1. Ensure your companion bird is healthy by doing annual check-ups and routine diagnostics with your experienced avian veterinarian. Since birds hide the obvious signs of illness, allowing basic annual testing is critical to the early detection of medical problems.
2. Ensure your companion bird is consuming a good diet. This is critical to the proper functioning of its immune system and increases its potential for a healthy life, as well as eliminating nutrition-based problem behaviors, such as some cases of feather destruction.
3. Ensure your companion bird lives in a sufficiently large cage, allowing it lots of room for exuberant wing-flapping exercise and energetic play; allow it daily out-of-cage time on play stations other than just the cage to minimize territorial behaviors. Encouraging healthy exercise can decrease problem behaviors like excessive screaming since a tired parrot is a quiet parrot.
4. Establish controls with your parrot by lovingly teaching it to respond to the simple commands of Up and Down, and setting clear and consistent limits on its behavior. By teaching manners and setting boundaries, parrots can become better companions.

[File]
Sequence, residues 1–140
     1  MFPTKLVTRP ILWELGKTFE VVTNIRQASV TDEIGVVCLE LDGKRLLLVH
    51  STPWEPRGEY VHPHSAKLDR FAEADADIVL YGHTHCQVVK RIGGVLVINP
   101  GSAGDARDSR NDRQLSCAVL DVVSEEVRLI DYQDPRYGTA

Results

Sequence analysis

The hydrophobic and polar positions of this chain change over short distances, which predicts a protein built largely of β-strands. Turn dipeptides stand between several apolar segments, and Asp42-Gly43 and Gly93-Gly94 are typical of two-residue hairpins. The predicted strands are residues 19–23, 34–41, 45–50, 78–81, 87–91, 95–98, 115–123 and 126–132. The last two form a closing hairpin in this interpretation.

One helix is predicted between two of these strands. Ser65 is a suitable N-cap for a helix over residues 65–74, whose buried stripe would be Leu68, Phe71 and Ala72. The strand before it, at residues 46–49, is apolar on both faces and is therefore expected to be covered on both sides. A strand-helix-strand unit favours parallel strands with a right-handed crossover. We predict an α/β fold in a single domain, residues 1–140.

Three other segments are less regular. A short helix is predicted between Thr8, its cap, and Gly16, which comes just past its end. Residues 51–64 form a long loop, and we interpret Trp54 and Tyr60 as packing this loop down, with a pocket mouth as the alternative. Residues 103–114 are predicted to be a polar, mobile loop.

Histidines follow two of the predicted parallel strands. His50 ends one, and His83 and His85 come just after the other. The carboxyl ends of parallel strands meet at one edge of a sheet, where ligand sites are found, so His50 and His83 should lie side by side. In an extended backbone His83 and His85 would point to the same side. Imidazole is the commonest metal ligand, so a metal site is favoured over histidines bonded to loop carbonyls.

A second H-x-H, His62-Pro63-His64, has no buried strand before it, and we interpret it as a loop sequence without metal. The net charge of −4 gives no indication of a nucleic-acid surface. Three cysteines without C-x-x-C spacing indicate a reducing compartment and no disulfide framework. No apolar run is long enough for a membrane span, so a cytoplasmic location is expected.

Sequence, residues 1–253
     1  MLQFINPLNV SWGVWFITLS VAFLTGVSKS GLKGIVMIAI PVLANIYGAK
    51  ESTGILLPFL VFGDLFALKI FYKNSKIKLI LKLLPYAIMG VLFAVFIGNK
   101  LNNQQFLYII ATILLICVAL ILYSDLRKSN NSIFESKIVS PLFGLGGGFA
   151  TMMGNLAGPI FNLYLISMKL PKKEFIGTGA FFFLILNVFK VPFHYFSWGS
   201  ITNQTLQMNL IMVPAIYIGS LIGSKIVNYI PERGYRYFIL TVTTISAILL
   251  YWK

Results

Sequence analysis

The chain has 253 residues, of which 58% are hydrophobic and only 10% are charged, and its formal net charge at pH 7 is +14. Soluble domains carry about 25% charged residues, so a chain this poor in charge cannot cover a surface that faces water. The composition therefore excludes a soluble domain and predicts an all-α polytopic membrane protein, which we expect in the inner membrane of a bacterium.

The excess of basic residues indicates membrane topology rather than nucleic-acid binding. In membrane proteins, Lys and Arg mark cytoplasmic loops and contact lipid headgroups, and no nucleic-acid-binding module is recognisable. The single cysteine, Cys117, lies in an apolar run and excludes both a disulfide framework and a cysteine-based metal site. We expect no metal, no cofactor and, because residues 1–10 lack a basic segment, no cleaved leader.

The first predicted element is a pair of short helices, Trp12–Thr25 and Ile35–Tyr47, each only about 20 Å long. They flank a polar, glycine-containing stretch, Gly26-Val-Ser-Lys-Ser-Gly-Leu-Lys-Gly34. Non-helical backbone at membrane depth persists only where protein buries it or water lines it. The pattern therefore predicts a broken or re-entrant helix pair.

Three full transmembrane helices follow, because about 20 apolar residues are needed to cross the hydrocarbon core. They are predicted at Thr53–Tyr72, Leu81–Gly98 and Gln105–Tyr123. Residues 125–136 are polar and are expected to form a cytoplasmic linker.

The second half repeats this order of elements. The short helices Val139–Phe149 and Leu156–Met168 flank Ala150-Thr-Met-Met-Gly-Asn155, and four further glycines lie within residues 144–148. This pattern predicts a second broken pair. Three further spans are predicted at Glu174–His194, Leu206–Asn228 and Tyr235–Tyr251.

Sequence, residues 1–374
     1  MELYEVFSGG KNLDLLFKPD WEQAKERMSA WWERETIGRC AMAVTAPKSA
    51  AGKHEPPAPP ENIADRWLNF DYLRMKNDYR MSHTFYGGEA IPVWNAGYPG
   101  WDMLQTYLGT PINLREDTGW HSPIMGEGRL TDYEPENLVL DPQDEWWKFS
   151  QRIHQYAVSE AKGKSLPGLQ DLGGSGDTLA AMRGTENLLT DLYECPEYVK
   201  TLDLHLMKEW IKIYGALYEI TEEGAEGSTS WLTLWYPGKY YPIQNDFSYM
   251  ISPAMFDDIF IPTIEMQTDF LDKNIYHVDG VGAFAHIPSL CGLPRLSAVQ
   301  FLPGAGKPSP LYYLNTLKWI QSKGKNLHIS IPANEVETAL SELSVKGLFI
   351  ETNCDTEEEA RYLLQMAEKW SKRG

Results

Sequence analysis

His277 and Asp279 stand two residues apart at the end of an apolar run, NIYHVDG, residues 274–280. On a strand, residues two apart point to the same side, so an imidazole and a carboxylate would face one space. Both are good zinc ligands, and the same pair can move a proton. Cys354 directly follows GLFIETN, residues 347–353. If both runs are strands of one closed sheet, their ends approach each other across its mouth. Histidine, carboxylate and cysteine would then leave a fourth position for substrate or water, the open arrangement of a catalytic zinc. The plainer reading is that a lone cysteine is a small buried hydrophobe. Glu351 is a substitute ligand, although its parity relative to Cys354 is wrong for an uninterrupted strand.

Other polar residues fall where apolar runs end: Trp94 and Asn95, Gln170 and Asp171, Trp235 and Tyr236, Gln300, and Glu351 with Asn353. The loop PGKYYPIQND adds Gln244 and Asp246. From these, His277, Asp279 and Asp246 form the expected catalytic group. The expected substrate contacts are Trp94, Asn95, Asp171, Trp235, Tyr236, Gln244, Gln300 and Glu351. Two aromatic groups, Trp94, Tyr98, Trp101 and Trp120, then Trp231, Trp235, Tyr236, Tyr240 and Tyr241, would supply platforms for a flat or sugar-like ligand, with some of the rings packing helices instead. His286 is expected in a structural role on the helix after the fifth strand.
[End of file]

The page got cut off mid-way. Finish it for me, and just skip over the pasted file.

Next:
5. Give your parrot quality interaction daily, no matter how busy your life gets…even if for just 10-15 minutes of one-on-one time. Psittacines are biologically wild animals, and won’t retain their “tameness” without daily contact with people.
6. Make your companion bird a member of the family, since it is a flock animal and extremely social. Single birds should not be housed in rooms by themselves.
7. Socialize your parrot to family and trusted friends, thereby teaching it to adapt to the society in which it lives. It should be comfortable interacting with and being handled by other people. Do not allow it to become over-bonded to one person.
8. Assure your companion bird gets adequate rest, with 10-12 hours of dark, uninterrupted sleep time nightly. Sleep deprivation often leads to problem behaviors like biting, excessive screaming and feather destruction.
9. Establish trust with your companion bird by teaching it that it is safe with you. Consistency is critical to establishing trust, as your parrot learns what to expect from you and what you expect from it.
10. Accept your parrot for what it is, not what you want it to be. No matter how well trained it is, a healthy parrot may still be noisy, messy and destructive…because it’s a parrot!
By Liz Wilson, CVT